Does Supreme Court health care decision vindicate Obama's leadership?

President Barack Obama speaks in the East Room of the White House in Washington, Thursday, June 28, 2012, after the Supreme Court ruled on his health care legislation. (AP Photo/Luke Sharrett/Pool) Luke Sharrett

President Obama speaks in the East Room of the White House June 28, 2012, in Washington.
AFP/Getty Images

(CBS News) President Obama's health care reform package has been controversial since its inception in the 2008 campaign. Thursday, with its decision to uphold the Affordable Care Act, the Supreme Court laid to rest questions about the law's constitutionality.

What the court hasn't resolved, however, was whether Mr. Obama's health care battle demonstrated the kind of leadership that Americans want to see for another four years.

The president's supporters are sure to say the court's decision vindicates the hard-fought struggle for health care reform. But the debate is far from over -- Mr. Obama's main rival Mitt Romney has pledged to repeal the law. And even as the economy overshadows the issue of health care reform, Romney can still point to the health care struggle as evidence of the president's failed leadership.

"Clearly, the public is not enamored with the health care law," said Stu Rothenberg, the editor and publisher of the nonpartisan Rothenberg Political Report. "On the one hand, [Mr. Obama] wants to take credit for it and wants to talk about addressing a tough issue -- that does show leadership. On the other hand, showing leadership on a matter of public policy on which [voters] don't approve may not get you any points."

When confronted earlier this month on CBS' "Face the Nation" with the fact that his Massachusetts health care plan closely resembles the president's federal law, Romney attacked Mr. Obama for the way managed to get the law passed.

"We created a solution," Romney said of his Massachusetts plan. "Republicans and Democrats, business and labor in our state, we worked collaboratively. The president instead, on a very partisan basis, jammed through a bill, didn't get a single Republican vote, didn't really try and work for a Republican vote. I mean the people of Massachusetts, the most Democrat state in the nation, voted for a Republican senator to stop Obamacare. He went ahead anyway and put this-- this bill upon the American people. They don't want it."

Certainly, polls suggest that Romney's right -- people don't want the health care law. Seven in 10 Americans said earlier this month that they wanted the Supreme Court to overturn the entire law or at least the requirement for all Americans to purchase insurance.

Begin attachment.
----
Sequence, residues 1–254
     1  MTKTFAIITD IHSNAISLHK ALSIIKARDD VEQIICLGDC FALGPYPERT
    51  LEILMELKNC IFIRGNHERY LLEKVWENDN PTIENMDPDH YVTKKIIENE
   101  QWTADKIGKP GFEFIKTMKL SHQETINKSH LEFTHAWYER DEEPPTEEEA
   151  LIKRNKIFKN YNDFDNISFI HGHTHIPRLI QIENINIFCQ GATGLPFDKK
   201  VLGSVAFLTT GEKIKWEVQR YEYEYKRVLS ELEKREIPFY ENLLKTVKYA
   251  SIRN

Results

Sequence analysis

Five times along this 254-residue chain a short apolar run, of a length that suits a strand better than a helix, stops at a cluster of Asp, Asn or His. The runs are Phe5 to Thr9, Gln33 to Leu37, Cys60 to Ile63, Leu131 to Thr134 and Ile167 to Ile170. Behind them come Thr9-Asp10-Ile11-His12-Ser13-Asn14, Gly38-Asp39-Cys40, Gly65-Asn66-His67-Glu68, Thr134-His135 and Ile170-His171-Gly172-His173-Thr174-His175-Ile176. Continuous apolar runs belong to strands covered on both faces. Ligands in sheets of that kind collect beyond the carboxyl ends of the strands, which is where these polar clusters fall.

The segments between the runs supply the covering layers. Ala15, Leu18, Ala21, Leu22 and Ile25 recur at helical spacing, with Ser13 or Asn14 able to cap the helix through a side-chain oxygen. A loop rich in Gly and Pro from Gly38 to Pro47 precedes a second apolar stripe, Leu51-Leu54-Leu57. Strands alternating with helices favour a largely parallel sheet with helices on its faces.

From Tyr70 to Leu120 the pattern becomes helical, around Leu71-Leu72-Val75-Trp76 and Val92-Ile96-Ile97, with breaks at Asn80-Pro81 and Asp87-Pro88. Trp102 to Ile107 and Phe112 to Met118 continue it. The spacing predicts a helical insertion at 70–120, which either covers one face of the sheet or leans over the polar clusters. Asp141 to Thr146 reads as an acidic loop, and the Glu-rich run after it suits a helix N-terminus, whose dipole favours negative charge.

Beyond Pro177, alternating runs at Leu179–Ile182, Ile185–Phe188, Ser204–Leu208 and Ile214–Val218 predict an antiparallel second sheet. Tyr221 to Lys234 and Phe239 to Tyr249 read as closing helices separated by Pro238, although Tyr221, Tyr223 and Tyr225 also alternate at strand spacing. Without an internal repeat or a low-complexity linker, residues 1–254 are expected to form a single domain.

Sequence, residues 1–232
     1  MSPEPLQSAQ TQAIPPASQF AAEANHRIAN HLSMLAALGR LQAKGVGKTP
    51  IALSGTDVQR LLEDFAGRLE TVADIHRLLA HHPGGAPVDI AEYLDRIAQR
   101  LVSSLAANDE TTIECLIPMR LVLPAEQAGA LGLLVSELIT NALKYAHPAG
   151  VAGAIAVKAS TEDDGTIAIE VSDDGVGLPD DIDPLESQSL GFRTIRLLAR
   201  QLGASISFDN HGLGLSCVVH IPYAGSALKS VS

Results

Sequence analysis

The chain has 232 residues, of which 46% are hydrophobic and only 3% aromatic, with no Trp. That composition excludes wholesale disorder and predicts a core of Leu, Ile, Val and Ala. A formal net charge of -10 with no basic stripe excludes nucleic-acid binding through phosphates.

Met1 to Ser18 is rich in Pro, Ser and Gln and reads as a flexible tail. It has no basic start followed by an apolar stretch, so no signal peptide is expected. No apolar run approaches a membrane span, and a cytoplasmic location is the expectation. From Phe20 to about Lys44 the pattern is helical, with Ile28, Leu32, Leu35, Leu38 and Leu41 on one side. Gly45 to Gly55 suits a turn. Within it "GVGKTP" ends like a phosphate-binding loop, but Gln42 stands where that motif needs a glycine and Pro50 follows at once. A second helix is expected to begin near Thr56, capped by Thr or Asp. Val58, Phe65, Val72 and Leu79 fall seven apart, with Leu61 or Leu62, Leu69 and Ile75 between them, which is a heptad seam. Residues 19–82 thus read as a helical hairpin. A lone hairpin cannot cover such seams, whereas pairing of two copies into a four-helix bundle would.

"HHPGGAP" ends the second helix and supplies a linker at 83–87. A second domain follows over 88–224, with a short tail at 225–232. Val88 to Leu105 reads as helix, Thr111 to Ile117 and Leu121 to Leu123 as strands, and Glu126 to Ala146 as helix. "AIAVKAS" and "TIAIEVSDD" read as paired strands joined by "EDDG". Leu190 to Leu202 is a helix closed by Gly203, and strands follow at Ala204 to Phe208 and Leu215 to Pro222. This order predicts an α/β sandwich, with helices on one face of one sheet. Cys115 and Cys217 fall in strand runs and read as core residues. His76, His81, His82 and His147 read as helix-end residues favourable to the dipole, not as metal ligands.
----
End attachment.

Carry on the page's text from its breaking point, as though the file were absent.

Yet health care is hardly at the top of people's minds. When asked to name the most important issue facing the country, fewer than 10 percent of voters typically name health care, according to CBS News polling. The issue reached its peak in October 2009 -- in the midst of the health care reform debate -- when 20 percent called it the most important issue. Still, more than twice as many Americans called the economy more important.

And even though people don't like the health care bill, it hasn't taken a toll on their views of Mr. Obama's leadership. A CBS News/ New York Times poll from January revealed that more Americans still trust him over Republicans to handle health care. And more generally speaking, 60 percent of registered voters think the president has strong leadership qualities (compared to 36 percent who don't, according to an April Quinnipiac poll).

That leadership test is crucial, according Democratic pollster Mark Mellman, CEO of the Mellman Group.

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"It's very difficult for someone not seen as a strong leader to be elected or re-elected. Jimmy Carter had real problems being seen as a leader, some of his own making, some not," Mellman said. "There's a threshold test for leadership that any president or aspiring presidential candidate has to pass, and if health care had failed, [Mr. Obama] may well have failed that test."

It wasn't pretty, but Mr. Obama did manage to get his top policy priority accomplished.

"I would argue that the ability to get a major health care bill through was a remarkable accomplishment, especially given the clear and overt Republican strategy to vote in unison and against him," said Norm Ornstein, a scholar at the conservative think tank the American Enterprise Institute. "I also believe the notion that if he only waited on health care things would be much better is simply wrong. If you have any signature priority you want to push as a president, you do it early when you have the most political capital. That doesn't mean there wasn't a price to pay -- clearly the backlash against the bill has been considerable."

Republicans are still capitalizing on that backlash, promising to act in the coming weeks on legislation to repeal the health care law. And Romney has based his campaign on the promise to repeal "Obamacare" and offer stronger leadership.

When talking about the Supreme Court this week, Romney said, "I think all their work highlights the leadership failures of our current president."

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